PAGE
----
“Who am I?”

“Who am I?”

Let us pray: Almighty God, in you are hidden all the treasures of wisdom and knowledge. Open our eyes that we may see the wonders of your Word; and give us grace that we may clearly understand and freely choose the way of your wisdom; through Christ our Lord. Amen. (prayer source)

“Who am I?”

Like a lot of young people, when I was younger I had very definite ideas about just about everything. I was sure that there was right, and there was wrong, and that these things were always the same. Like in that ethical thought experiment: Is it wrong to steal an apple? Is it wrong to steal an apple because you’re rich and bored? Is it wrong to steal an apple because you’re starving? I was quite convinced that, yes, it is always wrong to steal. Conveniently for young me, my logic about this never got around to lying, as I pretty regularly avoided uncomfortable situations by telling white lies, and sometimes less-than-white lies. And so I got to feel awesome about how much I didn’t steal.

Our story in Acts is also a story about rules, about right and wrong and stories we tell ourselves about them. The disciple Peter is arguing with the church elders of Jerusalem: Peter has eaten with this non-Jewish man, Cornelius, and probably not just him but his entire family and household. He’s stayed in their house, and eaten their food, and there is no way that food was clean according to Jewish dietary laws. Peter has broken the law every which way. And rather than denying what he’s done, Peter is saying that, yes, of course he did it, God basically dragged him along kicking and screaming.

So, we have these two camps: the church elders, who’ve heard all these crazy rumors about Peter and are getting worried. ‘We need to keep God’s law,’ they argue, ‘and Peter, you clearly haven’t been doing that.’

Like I said, Peter doesn’t deny this; instead, he tells them what happened. He tells them about his vision, where all kinds of animals were lowered from heaven and he was told to eat. They weren’t clean animals, weren’t animals that Jews ate. After his vision, some men sent by Cornelius come to fetch him, and Peter goes. He preaches the gospel to Cornelius and his household, and they believe and receive the Holy Spirit. “Jesus promised the Holy Spirit, and there it was on those non-Jews. Who am I to deny what God has done? Who am I to stand in God’s way?” he concludes with.

This argument feels familiar. Not necessarily about whether we can eat pork or not, but just this argument about how to follow God well, about when we should keep to tradition and when God is leading us elsewhere. One of the reasons people think Luke, the writer of Acts, smoothed out some of the early church’s disagreements is because everyone agrees with Peter by the end of his speech. Everyone. Come on; we’ve all been part of arguments about God before, or just arguments. Everyone being swayed by a great speech and a great argument is the stuff of children’s TV, not real life. (Although in fairness to Luke, the early church continues to argue about this throughout the book of Acts).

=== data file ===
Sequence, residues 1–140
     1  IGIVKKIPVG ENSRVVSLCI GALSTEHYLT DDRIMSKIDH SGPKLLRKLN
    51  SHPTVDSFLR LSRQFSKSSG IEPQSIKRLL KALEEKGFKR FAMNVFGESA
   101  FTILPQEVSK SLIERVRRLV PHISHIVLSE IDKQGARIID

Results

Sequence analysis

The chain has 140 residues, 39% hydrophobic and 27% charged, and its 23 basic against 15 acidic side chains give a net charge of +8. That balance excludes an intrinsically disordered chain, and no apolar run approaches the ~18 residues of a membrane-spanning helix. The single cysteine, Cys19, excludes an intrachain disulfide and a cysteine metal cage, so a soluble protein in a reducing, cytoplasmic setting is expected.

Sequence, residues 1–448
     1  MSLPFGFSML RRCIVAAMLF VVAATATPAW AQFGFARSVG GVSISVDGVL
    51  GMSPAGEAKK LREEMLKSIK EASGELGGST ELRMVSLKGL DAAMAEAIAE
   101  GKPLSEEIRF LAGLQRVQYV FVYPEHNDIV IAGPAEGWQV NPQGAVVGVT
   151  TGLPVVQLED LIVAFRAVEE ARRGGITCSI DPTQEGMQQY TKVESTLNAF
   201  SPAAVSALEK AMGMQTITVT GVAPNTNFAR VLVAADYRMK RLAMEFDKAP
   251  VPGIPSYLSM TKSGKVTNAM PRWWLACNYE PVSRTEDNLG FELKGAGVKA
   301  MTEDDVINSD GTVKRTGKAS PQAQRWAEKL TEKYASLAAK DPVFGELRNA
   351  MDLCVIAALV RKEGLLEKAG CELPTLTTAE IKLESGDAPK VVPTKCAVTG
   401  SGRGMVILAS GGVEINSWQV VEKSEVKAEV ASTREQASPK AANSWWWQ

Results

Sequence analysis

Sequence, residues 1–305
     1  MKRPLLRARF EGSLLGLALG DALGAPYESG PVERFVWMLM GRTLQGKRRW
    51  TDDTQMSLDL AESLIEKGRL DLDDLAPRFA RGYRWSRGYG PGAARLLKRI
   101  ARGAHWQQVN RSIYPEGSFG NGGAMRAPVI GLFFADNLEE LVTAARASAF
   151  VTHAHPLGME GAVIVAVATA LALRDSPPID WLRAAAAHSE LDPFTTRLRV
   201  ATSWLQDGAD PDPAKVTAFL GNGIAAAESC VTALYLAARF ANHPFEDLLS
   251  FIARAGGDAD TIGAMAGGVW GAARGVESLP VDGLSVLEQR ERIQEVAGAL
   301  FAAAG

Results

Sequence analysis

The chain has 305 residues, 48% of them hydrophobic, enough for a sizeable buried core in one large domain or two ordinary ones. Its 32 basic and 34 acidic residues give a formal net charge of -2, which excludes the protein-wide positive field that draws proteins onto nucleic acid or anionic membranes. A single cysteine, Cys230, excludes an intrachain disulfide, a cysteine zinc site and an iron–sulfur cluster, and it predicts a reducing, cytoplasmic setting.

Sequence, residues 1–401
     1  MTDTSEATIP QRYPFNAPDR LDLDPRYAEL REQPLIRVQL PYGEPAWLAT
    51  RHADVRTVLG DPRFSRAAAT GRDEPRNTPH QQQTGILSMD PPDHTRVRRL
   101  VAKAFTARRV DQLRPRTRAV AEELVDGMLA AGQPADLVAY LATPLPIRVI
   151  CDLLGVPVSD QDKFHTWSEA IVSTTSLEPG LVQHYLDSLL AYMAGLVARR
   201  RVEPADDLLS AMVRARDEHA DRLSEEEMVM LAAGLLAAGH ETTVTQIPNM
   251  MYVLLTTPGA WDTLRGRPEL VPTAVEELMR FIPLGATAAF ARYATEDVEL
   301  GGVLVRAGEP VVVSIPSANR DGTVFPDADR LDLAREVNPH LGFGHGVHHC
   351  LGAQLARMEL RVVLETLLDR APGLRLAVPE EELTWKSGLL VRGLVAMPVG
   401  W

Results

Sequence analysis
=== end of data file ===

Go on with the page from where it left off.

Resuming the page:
These arguments are passion-filled, often nasty, bitterly-fought battles that stretch out over years and generations. Discerning what God is doing is difficult. Discerning what is important and unimportant is difficult, especially when we and God so often disagree about it. What we’ve grown up with, what we love about our church building, our favorite prayer habit: they are all important, they are all deeply emotional, they are all things we deeply connect with, but they are not set in stone. Sometimes we outgrow them; sometimes we cling to them anyway. Sometimes God pushes them aside to make room for something new, and often we only go along kicking and screaming. 

Sometimes our history and traditions are what’s important: Scripture, a history of worship and service (no matter what it actually looks like), prayer, love. And sometimes the way they look changes.

And so often, we are all doing the best we can, and completely disagree. We believe we’re following where God is leading, and so does the person across the table from us who believes the exact opposite thing. That’s what happens in Acts. Every member of the church believed they were following God as they had been told to. They believed they were doing what was right. And still they came together, to listen to one another and love one another.

That is what we are called to do, even when we disagree. We listen to one another. We love one another.

And so let us love one another.